Some might say the role of middle management has never been an easy one. The aggrieved party is often wedged between superiors’ expectations, tight targets, the execution of unpleasant decisions »from above,« as well as subordinates’ questions – concerns and maybe even resistance. They experience conflicts of goals and high pressure while trying to balance the demands of the daily work and tasks concerning change.
Change management is increasingly becoming a natural and constant element of middle management’s role. And indeed, their role in transformation processes is uncontested. In our change consultancy work, we often observe that if middle management is on board, they are highly effective bearers, facilitators and multipliers for change. In short: they are the key because in the best case they are close to both the business and the people, have different insights and hold a lot of information.
So what do they do? They bring relevant elements of a change story to life through authentic communication when interpreting the change story for their own unit or team, and also with their actions, such as making fast decisions, giving immediate feedback or directly aligning with process partners from other »silos.« In enterprises where change awareness and competencies are well developed, we have also observed that leaders in middle management effectively take the role of change managers. They do not just organize the process and communicate actively; they are also driving forces for clear decisions and the successful implementation of them. If they do not get clear answers (which is quite often the case), they actively take responsibility or re-frame their area of responsibility by developing solutions to handle situations of high uncertainty. More and more, they do this in a non-hierarchical way, as a process of consultation and dialogue with their colleagues … at least in an ideal world.
Organizations in change
At the same time, organizations change, partly radically. Reacting to perceived or anticipated pressure, organizations set up initiatives to become more agile, more flexible, some also heading to flat hierarchy and a high degree of self-management. As this »new paradigm,« of agile, (partly) self-managed organizations, arises and spreads with increasing speed, organizations have to face a radical transformation of the concept of leadership and management.
Management suddenly finds itself in a process of change: In a self-managed organization, the »old« elements of power like academic and honorary titles as well as commanding authorities do not work anymore. Instead, it is all about shared responsibility. Teams make strategic or operative decisions. In team recruiting, for example, teams are responsible for each step of the process – from defining the job profile, taking care of search activities and the selection process, and finally deciding within the team who to hire as their new colleague. In case of weak performance, the team has to take initiative and give feedback – not delegate this uncomfortable task to the boss. Yet self-organization is supported by clearly defined structures like KPIs, a process for performance discussions and result tracking.
Self-organization certainly does not work if only some elements of self-managed organizations are implemented – and this in an inconsistent way. The result would be that everybody seems to be allowed to do and decide everything – without alignment, without any rules. This would mean chaos1, and, even worse, middle management would – if still existing – be held accountable for business results.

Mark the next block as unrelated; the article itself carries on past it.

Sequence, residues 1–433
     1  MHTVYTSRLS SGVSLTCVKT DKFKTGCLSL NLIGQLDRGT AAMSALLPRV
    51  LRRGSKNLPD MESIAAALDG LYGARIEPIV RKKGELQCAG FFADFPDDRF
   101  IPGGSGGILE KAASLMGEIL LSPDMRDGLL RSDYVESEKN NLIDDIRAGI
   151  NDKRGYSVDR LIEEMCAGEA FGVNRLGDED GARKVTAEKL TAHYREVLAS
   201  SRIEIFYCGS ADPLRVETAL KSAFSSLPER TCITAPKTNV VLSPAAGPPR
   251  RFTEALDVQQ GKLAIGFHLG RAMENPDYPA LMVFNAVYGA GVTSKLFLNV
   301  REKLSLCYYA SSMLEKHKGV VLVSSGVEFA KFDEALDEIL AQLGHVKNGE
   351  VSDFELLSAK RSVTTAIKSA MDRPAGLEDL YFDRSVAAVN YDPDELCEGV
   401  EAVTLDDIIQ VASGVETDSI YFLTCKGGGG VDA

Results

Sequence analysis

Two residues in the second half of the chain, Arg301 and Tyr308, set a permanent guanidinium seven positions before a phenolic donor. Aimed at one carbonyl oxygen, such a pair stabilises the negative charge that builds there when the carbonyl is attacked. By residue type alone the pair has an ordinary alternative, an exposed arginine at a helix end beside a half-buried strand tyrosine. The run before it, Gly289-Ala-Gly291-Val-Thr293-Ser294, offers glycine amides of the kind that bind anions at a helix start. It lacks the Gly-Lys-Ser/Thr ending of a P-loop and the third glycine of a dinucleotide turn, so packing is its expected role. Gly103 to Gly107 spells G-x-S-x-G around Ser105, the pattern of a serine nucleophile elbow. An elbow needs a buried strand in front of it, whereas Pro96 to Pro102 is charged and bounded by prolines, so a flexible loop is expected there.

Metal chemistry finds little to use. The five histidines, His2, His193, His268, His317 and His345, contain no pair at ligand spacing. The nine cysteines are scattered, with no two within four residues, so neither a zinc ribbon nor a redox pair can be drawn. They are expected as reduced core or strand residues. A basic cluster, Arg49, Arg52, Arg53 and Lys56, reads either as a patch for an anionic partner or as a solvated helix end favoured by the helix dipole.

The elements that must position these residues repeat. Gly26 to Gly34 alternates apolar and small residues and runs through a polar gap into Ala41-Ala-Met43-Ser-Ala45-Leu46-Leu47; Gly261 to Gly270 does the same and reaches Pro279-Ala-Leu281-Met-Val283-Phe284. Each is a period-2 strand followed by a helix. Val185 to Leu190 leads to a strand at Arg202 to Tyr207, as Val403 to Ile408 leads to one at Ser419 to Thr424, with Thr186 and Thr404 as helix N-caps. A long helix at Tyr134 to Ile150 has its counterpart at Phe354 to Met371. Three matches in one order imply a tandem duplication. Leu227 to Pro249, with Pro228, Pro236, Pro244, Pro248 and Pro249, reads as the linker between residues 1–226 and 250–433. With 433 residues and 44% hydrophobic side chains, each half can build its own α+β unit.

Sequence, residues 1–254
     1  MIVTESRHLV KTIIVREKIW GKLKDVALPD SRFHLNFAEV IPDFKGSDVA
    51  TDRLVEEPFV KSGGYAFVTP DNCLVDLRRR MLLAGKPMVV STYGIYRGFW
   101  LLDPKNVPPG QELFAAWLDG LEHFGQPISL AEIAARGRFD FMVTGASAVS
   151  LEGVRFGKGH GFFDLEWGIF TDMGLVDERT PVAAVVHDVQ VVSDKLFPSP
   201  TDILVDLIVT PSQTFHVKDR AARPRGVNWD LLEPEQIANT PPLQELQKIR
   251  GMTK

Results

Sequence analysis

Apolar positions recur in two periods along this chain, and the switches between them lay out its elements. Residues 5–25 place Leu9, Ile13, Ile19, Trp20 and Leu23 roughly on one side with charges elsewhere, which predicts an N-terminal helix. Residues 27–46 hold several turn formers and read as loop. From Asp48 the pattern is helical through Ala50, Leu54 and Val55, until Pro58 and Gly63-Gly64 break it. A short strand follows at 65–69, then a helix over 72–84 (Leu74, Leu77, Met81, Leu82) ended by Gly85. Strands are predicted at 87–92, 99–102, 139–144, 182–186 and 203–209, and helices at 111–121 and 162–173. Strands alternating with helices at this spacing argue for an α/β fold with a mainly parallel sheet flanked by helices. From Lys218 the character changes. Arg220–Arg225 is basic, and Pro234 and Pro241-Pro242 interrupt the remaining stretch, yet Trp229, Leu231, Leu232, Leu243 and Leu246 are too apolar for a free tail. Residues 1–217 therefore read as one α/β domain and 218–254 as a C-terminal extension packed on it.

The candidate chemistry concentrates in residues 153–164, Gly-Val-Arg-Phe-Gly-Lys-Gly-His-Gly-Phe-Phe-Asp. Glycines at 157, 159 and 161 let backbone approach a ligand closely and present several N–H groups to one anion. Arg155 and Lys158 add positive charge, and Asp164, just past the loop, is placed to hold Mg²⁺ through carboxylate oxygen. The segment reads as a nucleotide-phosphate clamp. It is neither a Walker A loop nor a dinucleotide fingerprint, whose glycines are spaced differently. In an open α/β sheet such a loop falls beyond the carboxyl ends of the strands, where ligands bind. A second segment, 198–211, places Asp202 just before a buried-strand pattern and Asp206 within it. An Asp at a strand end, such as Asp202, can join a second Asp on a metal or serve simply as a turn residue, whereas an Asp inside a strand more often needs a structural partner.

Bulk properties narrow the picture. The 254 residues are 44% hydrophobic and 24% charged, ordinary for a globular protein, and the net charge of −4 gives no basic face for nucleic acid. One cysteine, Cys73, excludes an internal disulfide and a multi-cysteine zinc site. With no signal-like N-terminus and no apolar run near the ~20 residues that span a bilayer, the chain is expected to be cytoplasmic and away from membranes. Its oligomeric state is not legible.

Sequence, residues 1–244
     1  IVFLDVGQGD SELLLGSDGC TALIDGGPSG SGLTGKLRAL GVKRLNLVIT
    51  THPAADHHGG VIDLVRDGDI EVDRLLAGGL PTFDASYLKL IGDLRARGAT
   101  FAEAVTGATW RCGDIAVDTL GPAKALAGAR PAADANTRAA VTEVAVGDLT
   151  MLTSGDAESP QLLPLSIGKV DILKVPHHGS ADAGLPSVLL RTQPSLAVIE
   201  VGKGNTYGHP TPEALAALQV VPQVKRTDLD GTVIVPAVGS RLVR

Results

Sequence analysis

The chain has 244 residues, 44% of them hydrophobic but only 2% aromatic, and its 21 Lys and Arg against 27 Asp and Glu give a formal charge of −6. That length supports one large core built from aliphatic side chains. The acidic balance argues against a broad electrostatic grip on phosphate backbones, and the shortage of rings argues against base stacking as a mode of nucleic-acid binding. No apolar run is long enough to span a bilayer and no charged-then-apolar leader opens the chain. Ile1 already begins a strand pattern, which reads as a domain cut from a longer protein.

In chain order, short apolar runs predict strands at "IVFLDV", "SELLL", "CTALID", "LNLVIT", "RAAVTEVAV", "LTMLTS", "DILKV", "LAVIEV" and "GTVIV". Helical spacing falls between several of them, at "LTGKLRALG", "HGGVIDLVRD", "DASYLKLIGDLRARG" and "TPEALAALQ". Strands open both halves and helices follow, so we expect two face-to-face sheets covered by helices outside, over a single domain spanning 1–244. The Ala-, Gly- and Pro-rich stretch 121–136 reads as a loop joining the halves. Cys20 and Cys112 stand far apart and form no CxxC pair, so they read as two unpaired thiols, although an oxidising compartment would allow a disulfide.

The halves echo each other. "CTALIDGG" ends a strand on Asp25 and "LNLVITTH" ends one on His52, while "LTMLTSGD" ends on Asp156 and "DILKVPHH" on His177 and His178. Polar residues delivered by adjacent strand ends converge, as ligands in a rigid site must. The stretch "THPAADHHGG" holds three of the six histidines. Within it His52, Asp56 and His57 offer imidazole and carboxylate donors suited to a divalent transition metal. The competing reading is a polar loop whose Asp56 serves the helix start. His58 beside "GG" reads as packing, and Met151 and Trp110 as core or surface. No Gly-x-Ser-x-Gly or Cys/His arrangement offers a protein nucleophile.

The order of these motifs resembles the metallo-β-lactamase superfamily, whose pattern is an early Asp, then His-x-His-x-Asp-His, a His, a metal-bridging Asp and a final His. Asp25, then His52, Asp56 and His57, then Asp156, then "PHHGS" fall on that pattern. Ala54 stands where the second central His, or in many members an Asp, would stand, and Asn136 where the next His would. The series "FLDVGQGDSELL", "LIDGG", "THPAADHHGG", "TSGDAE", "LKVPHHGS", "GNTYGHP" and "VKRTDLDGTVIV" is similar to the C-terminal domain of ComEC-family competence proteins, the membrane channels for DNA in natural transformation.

A different kind of leadership
Leadership is still essential in self-management, but it is organized in a different way – it is dynamic, not permanent. Leaders are formally or informally elected based on their concrete contribution to the organization and its mission. They are the ones who take care of alignment, keep the colleagues on »the same page,« as Homa Bahrami calls it, and are responsible for an ongoing process of creating a shared reality and having a shared purpose. In a real self-managed organization, leaders are facilitators and mediators; they create and ensure room and space for initiative, and even generate impulses for further development of the business and the organization. They exercise influence by taking their roles seriously and not through rank, seniority, position or title-based authority.
So, as the role of leadership changes, especially middle management (as well as the HR department) find themselves disempowered and they ask: What is our role in this new era? Or even: Will middle management exist at all in the future? If you think selfmanaged organizations through to the end, they do not have it anymore.
Is this what we are heading for? Will middle management still have a »raison d’être« in large or internationally active companies? If it should keep on existing, the role of the respective managers will probably demand even more process facilitation, dealing with ambiguity and translating between teams with different set-ups in one organization.
In our digital era, however, there are not just ones and zeros. There is and will be a wide range of organizations from pure self-organization and different forms of participation and engagement to still hierarchical forms. Some will have different forms at the same time – as it suits their business, market and team cultures best. As agility is even more vital for organizations, we see middle management as a central bearer and multiplier for change – including the transformation of its own role.